This has been a difficult problem to solve. Thankfully I asked about it on time. I’m working with solar images observed by a ground-based telescope in US. For a while I’ve been thinking there was something wrong with the data, for a start my images didn’t look like the ones that appeared in papers, mine looked saturated on certain areas.

This is the original figure from the paper:

And this is how it looked when I opened them:

I went over this few times, and my first attempt is to look at the histogram, just to get an idea of the distribution of the data (and be able to choose a sensible min and max to plot). The histogram looked weird too… too discrete… Oh yes, they are integers - fair enough… but why are there negative numbers?

Last week, while telling to my colleague how the image and the histogram look, also for a small portion of the image…

I got an idea, the numbers are overfloating, look at the begining of the histogram, looks like it should be the tail. So, I started to move the negative to the positive by just:

… but still, it didn’t look right. Some places look better, so for sure it was not saturated. However, other parts were still looking wrong, as it some limb darkening correction was applied inversely.

Then I asked for help to the people of the telescope… and I got a very enlighten replied:

Depending on the OS you might have to first do a

Byteorder.

The IDL docummentation about it didn’t helped much to make me understand, but Coyote’s explanation helped much more. However, it confused me when it says:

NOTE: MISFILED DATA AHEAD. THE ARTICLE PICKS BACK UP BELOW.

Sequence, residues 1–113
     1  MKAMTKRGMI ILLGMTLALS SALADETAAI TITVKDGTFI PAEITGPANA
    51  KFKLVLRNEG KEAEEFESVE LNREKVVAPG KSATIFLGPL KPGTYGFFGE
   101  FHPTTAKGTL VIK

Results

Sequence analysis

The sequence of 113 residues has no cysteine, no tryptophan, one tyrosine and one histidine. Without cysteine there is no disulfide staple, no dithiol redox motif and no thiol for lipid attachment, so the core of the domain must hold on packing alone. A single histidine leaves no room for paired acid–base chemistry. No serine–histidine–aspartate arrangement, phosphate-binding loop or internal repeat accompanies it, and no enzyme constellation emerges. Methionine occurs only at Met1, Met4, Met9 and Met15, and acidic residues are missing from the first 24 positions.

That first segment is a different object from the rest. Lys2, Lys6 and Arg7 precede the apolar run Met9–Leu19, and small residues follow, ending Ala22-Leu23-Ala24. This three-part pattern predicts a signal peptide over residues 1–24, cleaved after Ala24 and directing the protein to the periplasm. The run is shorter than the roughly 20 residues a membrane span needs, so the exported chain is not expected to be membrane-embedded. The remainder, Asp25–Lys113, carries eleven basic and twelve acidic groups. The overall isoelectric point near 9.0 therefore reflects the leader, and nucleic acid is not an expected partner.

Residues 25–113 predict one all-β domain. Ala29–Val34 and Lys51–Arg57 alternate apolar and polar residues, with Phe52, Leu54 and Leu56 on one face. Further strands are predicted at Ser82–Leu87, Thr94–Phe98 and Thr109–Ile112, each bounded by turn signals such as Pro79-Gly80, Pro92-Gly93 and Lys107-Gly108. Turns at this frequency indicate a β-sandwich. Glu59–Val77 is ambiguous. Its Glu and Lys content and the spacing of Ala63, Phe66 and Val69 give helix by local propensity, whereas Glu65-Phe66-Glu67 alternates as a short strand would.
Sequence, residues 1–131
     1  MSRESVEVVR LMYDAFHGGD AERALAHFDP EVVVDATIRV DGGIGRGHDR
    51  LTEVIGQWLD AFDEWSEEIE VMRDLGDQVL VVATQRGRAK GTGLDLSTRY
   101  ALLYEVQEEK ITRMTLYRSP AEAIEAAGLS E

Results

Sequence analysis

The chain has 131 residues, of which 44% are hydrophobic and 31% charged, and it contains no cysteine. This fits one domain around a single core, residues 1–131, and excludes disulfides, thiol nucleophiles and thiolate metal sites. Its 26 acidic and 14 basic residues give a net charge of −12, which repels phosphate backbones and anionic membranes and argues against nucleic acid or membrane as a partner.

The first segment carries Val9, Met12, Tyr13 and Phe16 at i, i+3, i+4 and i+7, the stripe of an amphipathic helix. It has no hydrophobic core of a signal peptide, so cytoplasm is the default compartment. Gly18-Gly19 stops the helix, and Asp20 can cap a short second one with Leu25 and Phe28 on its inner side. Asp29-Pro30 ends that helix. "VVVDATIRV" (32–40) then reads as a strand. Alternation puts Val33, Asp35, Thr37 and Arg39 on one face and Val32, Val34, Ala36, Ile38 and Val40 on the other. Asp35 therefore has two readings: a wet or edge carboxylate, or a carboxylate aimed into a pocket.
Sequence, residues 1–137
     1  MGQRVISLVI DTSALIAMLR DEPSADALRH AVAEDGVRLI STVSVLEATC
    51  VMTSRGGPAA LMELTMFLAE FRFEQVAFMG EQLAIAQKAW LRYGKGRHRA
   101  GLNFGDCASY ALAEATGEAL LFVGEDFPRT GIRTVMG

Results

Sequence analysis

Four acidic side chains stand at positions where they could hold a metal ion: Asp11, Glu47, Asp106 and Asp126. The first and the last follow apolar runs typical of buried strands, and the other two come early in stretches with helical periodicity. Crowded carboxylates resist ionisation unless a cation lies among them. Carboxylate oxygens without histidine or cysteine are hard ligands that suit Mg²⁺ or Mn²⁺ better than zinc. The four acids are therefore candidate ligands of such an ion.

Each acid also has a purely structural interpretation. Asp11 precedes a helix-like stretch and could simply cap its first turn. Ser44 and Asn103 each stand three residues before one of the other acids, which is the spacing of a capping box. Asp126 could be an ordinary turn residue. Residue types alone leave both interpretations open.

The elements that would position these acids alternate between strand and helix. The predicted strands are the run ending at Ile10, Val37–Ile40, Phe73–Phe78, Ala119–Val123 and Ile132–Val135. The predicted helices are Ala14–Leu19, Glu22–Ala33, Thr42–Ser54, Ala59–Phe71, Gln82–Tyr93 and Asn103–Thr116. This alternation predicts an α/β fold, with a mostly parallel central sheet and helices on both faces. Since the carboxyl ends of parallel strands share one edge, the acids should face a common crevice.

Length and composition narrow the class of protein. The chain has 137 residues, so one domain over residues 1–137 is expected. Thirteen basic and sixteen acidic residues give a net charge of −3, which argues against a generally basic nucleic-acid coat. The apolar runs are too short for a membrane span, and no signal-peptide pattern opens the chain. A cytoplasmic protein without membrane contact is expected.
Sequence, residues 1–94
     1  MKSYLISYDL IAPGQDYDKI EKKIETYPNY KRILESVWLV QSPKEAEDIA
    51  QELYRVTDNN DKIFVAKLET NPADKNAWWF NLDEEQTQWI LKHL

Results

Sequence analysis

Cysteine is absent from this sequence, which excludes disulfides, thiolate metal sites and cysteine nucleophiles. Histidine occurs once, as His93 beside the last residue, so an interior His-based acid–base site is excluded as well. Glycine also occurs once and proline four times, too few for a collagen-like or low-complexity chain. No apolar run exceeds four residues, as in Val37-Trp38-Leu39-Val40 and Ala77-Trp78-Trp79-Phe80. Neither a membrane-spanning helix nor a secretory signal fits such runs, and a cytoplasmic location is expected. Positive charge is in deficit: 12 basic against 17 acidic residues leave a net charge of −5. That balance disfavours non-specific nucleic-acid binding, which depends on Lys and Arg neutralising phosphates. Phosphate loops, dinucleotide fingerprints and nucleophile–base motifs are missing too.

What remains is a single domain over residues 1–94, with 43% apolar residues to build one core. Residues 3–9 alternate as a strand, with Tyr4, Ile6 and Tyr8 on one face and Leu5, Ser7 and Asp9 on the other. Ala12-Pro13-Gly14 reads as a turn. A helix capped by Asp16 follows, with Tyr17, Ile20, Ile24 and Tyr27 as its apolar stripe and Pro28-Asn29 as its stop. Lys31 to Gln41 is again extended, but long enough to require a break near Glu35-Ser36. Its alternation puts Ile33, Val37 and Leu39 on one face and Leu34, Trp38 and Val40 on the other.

“Most UNIX machines are big endian. Whereas most PCs are little endian machines.”

Thankfully, the test shown on its page showed me that our “linux” servers at work are little and not big.

So, what does this mean? It seems that some machines stores a two byte integer number in a different way than others (why? who knows!). So for example: 10405 in binary is

- 00101000 10100101 for a little endian machine (as if you would have written it by hand)
- 10100101 00101000 for a big endian one.

I don’t really know yet - and haven’t come up with a way to check it is the following statement:

Big endian machines store a two-byte integer with its most significant byte first, followed by it least significant byte.

Does this mean that just that in the case above, we put first the larger one? so, if we convert the numbers to decimal:

or by asking wolfram alpha

- 00101000 = 40
- 10100101 = 165

then we get:

- 165 - 40 for big endian
- 40 - 165 for little endian

Is that right? If so, the numbers that I would have read would be:

- 42280 instead of 10405

I still have not got it clear in my mind whether the largest one of the two sets goes first, or that does not matter at all, and by more significant byte it means the first byte and not it values (that makes more sense).

Anyway, the command to solve this in IDL is:

and in numpy:

So, comming back to my original image and histogram, here is how they look now:

Something new learnt this week!